Table 6: Wave height reduction for submerged conditions at location G-5 compared to no bio-shield condition.

A set of comparisons of wave height reduction for different emerged bio-shield conditions are shown in the Figures 5,6 and 7 for wave periods of 1.6 sec, 1.8 sec and 2.0 sec respectively. The distance x is measured from the starting point of bed slope towards the shore, the initial wave heights are 22 cm, 18 cm and 22 cm for wave period of 1.6 sec, 1.8 sec and 2.0 sec respectively. Moreover, the initial wave lengths are calculated as 3.24 m, 3.76 m and 4.25 m for wave period of 1.6 sec, 1.8 sec and 2.0 sec respectively. The figures show that the wave height is reduced most when bio-shields of 2 m width are placed at 4 m distance from the embankment. It is also obvious from the figures that the maximum wave height reduction occurs at measuring location G-3 and G-4 for two spacing of bio-shields such as 25 mm c/c and 50 mm c/c. The measuring location G-3 is situated just behind the bioshield barrier and location G-4 is 3.5 m away from the embankment. At measuring location G-3, the wave height reductions are 47%, 52% and 58% for wave periods of 1.6 sec, 1.8 sec and 2.0 sec respectively (Table 1). At measuring location G-4, the wave height is reduced by 42%, 60% and 71% for wave periods of 1.6 sec, 1.8 sec and 2.0 sec respectively (Table 2). Hence, the most effective position for wave height reduction by emerged bio-shield condition is 4 m distance from the embankment when the bio-shield spacing is 50 mm c/c and wave period is 2.0 sec.

coastal-development-wave-emerged-shield

Figure 6: Wave height reduction with distance for different emerged bio-shield (BS) conditions and wave period, T=1.8 sec (x is measured from the starting point of bed slope towards the shore).

coastal-development-wave-emerged-shield

Figure 7: Wave height reduction with distance for different emerged bio-shield (BS) conditions and wave period, T=2.0 sec (x is measured from the starting point of bed slope towards the shore).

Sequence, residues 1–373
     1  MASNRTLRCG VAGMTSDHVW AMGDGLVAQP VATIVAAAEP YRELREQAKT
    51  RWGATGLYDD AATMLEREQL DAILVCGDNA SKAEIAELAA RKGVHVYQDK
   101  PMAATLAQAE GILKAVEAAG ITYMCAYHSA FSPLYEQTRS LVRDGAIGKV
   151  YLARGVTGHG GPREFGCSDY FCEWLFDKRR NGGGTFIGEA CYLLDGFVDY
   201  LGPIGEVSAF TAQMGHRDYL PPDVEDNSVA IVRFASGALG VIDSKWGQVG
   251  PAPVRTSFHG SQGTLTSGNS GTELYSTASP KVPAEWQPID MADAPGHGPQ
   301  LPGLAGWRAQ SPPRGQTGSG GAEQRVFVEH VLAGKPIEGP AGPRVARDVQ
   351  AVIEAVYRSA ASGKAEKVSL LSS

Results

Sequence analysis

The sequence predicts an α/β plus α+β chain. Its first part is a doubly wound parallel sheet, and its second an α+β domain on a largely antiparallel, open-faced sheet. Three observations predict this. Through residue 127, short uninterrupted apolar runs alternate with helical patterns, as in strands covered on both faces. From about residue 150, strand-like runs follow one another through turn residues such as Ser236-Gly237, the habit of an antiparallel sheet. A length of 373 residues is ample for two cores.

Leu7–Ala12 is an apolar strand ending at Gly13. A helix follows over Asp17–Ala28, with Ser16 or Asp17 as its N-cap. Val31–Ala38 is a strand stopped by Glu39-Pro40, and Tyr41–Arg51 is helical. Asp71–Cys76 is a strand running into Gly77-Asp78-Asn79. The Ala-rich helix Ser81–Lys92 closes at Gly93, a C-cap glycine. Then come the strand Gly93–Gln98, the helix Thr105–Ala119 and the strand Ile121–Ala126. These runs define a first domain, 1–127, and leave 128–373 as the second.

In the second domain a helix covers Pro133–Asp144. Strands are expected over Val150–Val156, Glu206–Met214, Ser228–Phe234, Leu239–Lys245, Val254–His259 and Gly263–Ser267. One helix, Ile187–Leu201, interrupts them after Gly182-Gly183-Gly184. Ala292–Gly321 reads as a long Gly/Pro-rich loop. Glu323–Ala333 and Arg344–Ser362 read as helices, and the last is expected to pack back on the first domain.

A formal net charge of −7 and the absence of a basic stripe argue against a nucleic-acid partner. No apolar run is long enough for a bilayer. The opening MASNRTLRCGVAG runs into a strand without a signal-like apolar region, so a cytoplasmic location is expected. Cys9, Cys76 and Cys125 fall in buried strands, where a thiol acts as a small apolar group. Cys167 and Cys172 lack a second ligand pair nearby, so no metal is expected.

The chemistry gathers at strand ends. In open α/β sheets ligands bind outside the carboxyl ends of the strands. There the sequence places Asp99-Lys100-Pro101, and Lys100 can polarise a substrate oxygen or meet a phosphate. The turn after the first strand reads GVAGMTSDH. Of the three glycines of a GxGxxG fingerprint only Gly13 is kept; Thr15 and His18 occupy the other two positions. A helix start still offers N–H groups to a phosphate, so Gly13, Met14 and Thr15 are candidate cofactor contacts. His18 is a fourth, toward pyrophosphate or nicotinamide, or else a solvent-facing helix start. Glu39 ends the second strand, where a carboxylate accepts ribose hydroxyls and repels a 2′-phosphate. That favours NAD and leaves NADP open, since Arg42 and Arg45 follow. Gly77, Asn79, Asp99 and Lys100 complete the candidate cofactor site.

Another set of comparisons of wave height reduction for different submerged bio-shield conditions are shown in the Figures 8, 9 and 10 for wave periods of 1.6 sec, 1.8 sec and 2.0 sec respectively. The figures show the same result as before, that is, wave height is reduced most when bio-shields of 2 m width (1 m Rigid + 1 m Flexible) are placed at 4 m distance from the embankment. It is also obvious from the figures that the maximum wave height reduction occurs at measuring location G-3 and G-4 for bio-shield spacing of 25 mm c/c and 50 mm c/c. At measuring location G-3, the wave height reductions are 18%, 21% and 36% for wave periods of 1.6 sec, 1.8 sec and 2.0 sec respectively (Table 4) and at measuring location G-4, the wave height reductions are 36%, 40% and 52% for wave periods of 1.6 sec, 1.8 sec and 2.0 sec respectively (Table 5). Hence, the most effective position for wave height reduction by submerged bio-shield condition is 4 m distance from the embankment when the bio-shield spacing is 25 mm c/c and wave period is 2.0 sec.

coastal-development-submerged-shield-wave

Figure 8: Wave height reduction with distance for different submerged bio-shield (BS) conditions and wave period, T=1.6 sec (x is measured from the starting point of bed slope towards the shore).

coastal-development-submerged-shield-slope

Figure 9: Wave height reduction with distance for different submerged bio-shield (BS) conditions and wave period, T=1.8 sec (x is measured from the starting point of bed slope towards the shore).

coastal-development-submerged-shield-slope

Figure 10: Wave height reduction with distance for different submerged bio-shield (BS) conditions and wave period, T=2.0 sec (x is measured from the starting point of bed slope towards the shore).

Relationship between transmission coefficient and wave periods

From the experimental data analysis the best condition for maximum wave height reduction is determined for both the emerged and submerged bio-shield. For emerged and submerged condition of bio-shield, the maximum wave height reduction occurs when 2 m width of bio-shield is placed at a distance of 4 m from the embankment. To relate transmission coefficient with wave period, the wave height at measuring location G-7 is considered as it is always located behind the bio-shield barrier for all the experimental conditions. The Figures 11,12 show the relationship between the transmission coefficient Equation and wave periods for emerged and submerged condition of bio-shield respectively. The trend line for both the conditions show a negative slope which indicates that as the wave period increases the transmission coefficient decreases causing greater reduction in wave height.